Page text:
Houston Astros: Examining former players Hall of Fame cases

Houston Astros closer Billy Wagner pitches against the Arizona Diamondbacks during the ninth inning, 26 June 2001, in Phoenix. The Astros won 10-7. AFP PHOTO/Mike FIALA (Photo by Mike FIALA / AFP) (Photo by MIKE FIALA/AFP via Getty Images)
Houston Astros closer Billy Wagner pitches against the Arizona Diamondbacks during the ninth inning, 26 June 2001, in Phoenix. The Astros won 10-7. AFP PHOTO/Mike FIALA (Photo by Mike FIALA / AFP) (Photo by MIKE FIALA/AFP via Getty Images) /
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LOS ANGELES – August 28: Roger Clemens of the Houston Astros pitches during the game against the Los Angeles Dodgers at Dodger Stadium on August 28, 2005 in Los Angeles, California. The Dodgers defeated the Astros 1-0. (Photo by Robert Leiter/MLB Photos via Getty Images)
LOS ANGELES – August 28: Roger Clemens of the Houston Astros pitches during the game against the Los Angeles Dodgers at Dodger Stadium on August 28, 2005 in Los Angeles, California. The Dodgers defeated the Astros 1-0. (Photo by Robert Leiter/MLB Photos via Getty Images) /

Roger Clemens

The numbers speak for themselves when it comes to Roger Clemens: 354 wins, 4,672 strikeouts, seven Cy Young awards, 11 All-Star appearances, two pitching Triple Crowns, seven ERA titles and an MVP award. His 139.2 career WAR is eighth all-time and third among pitchers. He’s ninth all-time in wins and third in strikeouts.

With the Astros, Clemens was brilliant for three seasons despite being in his 40s. He went 38-18 with a 2.40 ERA, winning one Cy Young award and leading the league in ERA the next year. From a sheer statistical standpoint, there’s no reason why Clemens shouldn’t be in the Hall of Fame, but of course those who vote against him do so for other reasons.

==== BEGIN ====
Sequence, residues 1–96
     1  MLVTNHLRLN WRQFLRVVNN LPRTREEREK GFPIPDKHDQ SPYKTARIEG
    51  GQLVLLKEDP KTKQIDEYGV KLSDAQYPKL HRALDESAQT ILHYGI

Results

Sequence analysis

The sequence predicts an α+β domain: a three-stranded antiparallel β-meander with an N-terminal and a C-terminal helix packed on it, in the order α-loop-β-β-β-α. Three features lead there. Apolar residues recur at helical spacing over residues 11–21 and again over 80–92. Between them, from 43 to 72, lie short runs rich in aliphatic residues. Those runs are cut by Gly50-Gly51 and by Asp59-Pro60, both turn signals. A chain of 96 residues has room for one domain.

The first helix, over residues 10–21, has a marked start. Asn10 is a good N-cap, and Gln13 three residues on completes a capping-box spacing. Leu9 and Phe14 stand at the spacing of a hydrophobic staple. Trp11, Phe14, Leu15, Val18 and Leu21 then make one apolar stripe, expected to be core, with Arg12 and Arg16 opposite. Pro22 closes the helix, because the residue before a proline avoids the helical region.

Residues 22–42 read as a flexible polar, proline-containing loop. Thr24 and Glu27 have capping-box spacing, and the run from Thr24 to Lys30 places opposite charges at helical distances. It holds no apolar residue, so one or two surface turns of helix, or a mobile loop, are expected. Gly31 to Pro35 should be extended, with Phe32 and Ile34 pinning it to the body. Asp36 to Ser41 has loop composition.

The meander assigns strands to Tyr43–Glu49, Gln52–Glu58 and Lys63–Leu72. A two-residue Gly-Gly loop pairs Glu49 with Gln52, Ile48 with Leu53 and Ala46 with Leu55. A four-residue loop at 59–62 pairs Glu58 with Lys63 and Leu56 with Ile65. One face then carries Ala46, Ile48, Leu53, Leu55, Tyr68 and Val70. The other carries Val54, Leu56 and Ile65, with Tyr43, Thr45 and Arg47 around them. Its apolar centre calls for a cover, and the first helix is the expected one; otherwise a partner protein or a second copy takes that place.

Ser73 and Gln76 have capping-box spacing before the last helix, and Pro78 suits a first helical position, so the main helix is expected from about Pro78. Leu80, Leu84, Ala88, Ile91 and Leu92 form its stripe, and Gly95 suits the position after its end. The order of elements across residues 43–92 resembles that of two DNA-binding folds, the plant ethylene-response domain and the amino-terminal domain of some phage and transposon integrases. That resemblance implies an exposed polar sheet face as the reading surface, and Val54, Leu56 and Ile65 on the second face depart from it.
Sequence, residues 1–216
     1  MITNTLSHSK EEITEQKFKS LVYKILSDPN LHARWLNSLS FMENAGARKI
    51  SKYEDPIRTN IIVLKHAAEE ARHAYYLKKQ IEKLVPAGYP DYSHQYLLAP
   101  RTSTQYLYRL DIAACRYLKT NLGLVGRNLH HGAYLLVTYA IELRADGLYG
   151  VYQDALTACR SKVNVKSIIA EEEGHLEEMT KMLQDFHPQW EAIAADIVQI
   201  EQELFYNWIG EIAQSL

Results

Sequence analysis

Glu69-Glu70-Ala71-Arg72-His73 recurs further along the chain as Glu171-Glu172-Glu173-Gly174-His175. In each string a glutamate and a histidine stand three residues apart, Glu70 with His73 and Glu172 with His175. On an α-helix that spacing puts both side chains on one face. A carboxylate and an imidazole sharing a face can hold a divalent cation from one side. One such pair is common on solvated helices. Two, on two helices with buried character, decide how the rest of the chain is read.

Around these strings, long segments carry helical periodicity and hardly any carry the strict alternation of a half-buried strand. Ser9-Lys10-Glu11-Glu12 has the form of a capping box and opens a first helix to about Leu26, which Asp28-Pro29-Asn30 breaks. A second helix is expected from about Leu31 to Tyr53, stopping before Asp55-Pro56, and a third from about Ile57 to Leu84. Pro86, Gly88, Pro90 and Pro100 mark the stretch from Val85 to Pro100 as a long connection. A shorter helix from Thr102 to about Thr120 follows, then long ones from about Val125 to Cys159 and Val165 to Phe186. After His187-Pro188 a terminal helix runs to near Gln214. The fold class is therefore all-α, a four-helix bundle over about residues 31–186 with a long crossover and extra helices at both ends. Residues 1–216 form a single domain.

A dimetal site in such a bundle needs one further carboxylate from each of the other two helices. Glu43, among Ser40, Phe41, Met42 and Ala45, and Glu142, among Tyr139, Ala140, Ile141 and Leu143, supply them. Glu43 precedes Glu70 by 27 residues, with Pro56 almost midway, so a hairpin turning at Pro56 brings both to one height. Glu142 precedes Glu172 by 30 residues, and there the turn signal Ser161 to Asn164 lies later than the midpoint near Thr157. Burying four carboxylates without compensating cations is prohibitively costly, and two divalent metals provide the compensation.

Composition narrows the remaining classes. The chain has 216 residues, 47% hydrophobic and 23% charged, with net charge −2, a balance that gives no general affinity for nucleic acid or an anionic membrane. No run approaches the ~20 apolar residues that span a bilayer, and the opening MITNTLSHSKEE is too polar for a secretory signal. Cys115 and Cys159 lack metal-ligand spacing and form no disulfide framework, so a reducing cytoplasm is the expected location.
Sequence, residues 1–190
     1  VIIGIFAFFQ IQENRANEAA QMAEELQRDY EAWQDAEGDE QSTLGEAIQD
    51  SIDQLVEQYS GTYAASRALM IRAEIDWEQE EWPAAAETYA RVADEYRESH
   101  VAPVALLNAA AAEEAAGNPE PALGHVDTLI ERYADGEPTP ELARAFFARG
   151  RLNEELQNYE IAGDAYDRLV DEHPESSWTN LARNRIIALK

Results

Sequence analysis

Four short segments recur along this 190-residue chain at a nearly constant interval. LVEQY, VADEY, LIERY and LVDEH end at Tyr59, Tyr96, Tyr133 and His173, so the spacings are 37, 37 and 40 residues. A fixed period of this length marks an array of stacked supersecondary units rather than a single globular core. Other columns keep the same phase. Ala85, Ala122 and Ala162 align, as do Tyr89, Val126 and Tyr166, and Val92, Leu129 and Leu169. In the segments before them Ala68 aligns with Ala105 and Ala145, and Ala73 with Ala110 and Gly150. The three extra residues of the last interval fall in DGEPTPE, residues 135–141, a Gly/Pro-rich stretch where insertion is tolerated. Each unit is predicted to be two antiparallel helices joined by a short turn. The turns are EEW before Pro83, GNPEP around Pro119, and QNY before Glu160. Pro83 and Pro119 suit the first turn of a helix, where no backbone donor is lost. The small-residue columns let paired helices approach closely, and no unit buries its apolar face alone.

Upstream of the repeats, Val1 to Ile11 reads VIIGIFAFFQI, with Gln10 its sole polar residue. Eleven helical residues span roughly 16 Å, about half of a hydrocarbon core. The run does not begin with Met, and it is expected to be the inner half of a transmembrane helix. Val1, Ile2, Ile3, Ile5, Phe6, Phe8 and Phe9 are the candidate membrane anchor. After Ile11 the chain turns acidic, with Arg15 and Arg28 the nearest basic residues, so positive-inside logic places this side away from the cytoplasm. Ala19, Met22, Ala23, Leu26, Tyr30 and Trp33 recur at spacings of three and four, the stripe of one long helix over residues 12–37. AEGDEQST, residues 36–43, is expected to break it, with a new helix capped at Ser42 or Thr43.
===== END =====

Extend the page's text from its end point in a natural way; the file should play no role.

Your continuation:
Shortly after his playing career ended, Clemens was named in the Mitchell Report, and his public spat with former trainer Brian McNamee resulted in lawsuits. Clemens was also indicted for lying to Congress, though he was not convicted. Nonetheless, the prevailing opinion is that he did indeed use performance enhancing drugs, likely beginning with his stint in Toronto in 1997 and 1998.

More of his dirty laundry was aired in the form of some extramarital affairs, most notably with country singer Mindy McCready, which may have began when she was underage. That indiscretion is held against him by some voters as well, so although his on-field career is certainly worthy, it’s all the other baggage that’s holding his candidacy back.

Clemens was named on only 37.6 percent of ballots in 2013, his first year of eligibility. He’s trended upward since then, reaching 61 percent in 2020. So far this year, the latest numbers have him named on 72.2 percent of public ballots. That number will likely be lower among private ballots, so he seems unlikely to make it this year.

Clemens will only have one year of eligibility remaining if he doesn’t get in this year, so it’s going to be an interesting case to follow next year. His fate is tied closely with that of Bonds, both of whom would be on their last chances in 2022. I firmly believe they should both be in the Hall of Fame, but whether they will make it may be a different story entirely.

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